The Minister of Finance, Malusi Gigaba, has signed and gazetted the coming into operation of various provisions of the Financial Intelligence Centre Amendment Act, 2017 (Act No. 1 of 2017) (“FIC Amendment Act”). The FIC Amendment Act was signed into law by the President on 26 April 2017 and gazetted on 2 May 2017 (Annexure A), but the determination of the commencement date was left to the Minister of Finance.

Commenting on the signing of the Act, Minister Gigaba said it was critical for government to accelerate the implementation of the Act as it demonstrated government’s commitment to the fight against corruption, money laundering and illicit flows. The Minister added that although the signing of the Act was a big step forward, more work still needed to be done.
The key objective of this law is to improve the protection of the the integrity of South Africa’s financial system and strengthen its ability to prevent and punish financial crimes like money laundering, illicit capital flows, tax evasion, corruption and bribery, and financing of terrorism.

Key elements of the law introduced by the FIC Amendment Act

This law achieves the above objective by placing the risk‐based approach at the centre of South Africa’s Anti-Money Laundering (AML) and Combating the Financing of Terrorism (CFT) regime. It recognises that the risk of money laundering and terrorist financing can vary by individual, business sector and within sectors. The risk-based approach incorporates three key elements:

a) Strenthening AML/CFT through a more consultative approach based on partnerships between key stakeholders in both the public and private sectors.
b) Improving co-ordination and collaboration to ensure more effective preventive and better enforcement measures.
c) More customer-friendly and cost-efficient approach to the implementation of AML/CTF in line with the Treat Customers Fairly initiative.  

The law also introduces the following new concepts and approaches to the implementation of the Financial Intelligence Centre Act, 2001 (FIC Act);

(a) Full range of customer due diligence (CDD) requirements which are focussed on understanding customers better rather than simply identifying and verifying their identities.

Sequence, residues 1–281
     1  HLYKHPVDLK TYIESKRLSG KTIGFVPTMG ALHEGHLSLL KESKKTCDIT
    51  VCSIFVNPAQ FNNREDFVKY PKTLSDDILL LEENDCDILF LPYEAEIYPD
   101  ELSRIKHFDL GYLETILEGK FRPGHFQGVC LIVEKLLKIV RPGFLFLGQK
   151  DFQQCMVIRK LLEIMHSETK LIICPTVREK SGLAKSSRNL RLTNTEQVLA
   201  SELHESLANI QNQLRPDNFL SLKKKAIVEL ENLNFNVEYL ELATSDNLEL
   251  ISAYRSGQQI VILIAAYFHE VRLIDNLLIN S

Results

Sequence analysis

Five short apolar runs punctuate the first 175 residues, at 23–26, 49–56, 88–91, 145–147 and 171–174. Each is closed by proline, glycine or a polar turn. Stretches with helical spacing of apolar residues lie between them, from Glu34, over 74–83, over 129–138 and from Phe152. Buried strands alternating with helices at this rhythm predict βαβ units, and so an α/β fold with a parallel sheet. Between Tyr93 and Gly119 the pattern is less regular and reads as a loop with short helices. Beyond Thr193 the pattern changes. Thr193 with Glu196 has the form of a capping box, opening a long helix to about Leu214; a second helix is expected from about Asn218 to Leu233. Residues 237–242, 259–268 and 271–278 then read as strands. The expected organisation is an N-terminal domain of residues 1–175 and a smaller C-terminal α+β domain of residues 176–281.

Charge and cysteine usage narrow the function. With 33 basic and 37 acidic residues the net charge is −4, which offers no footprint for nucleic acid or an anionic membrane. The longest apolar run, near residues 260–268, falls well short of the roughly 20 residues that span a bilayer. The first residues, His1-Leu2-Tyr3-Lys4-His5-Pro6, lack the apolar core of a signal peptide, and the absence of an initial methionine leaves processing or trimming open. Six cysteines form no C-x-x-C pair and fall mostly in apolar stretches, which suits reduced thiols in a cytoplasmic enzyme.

(b) Customer-Friendly approach based on a risk-based CDD enables efficient utilisation of resources and should make compliance easier for low risk clients.
(b) Beneficial ownership, which requires institutions to know and understand the natural persons who ultimately own or exercise control over legal entities or structures.
(c) Prominent (Influential) Persons and “Politically Exposed Persons”, which requires institutions to better manage risks relating to relationships with prominent persons.
(d) Freezing of assets, in terms of targeted financial sanctions against persons identified by United Nations Security Council in terms of various sanctions regimes.

Different effective dates for different sections of the FIC Amendment Act

The implementation of different provisions of the FIC Amendment Act will start on different dates; 13 June 2017, 2 October 2017 and dates to be determined after 2 October 2017 (but expected to be no later than the end of 2018).
The first set of provisions commences today. These provisions do not require changes to existing regulations, exemptions or internal systems of institutions to enable compliance with the FIC Act. The provisions deal mainly with information sharing, consultation arrangements, constitutional concerns relating to inspection powers, and improved functioning of the FIC Act Appeal Board.

The second set of provisions will commence on 2 October 2017. These provisions, which give effect to the above-mentioned new concepts and approaches, will require changes to existing regulations and exemptions under the FIC Act, as well as staff training and major changes to systems by supervisors, the Office of the Chief Procurement Officer, and accountable institutions.
Further, a move to a risk-based approach, which modernises the manner institutions undertake customer due diligence, implies less regulations but necessitates more guidance to clarify the expectations of supervisors on how institutions should appropriately implement the legislation.

The accelerated implementation of the FIC Amendment Act demonstrates Government’s commitment to fight corruption, money laundering and illicit financial flows.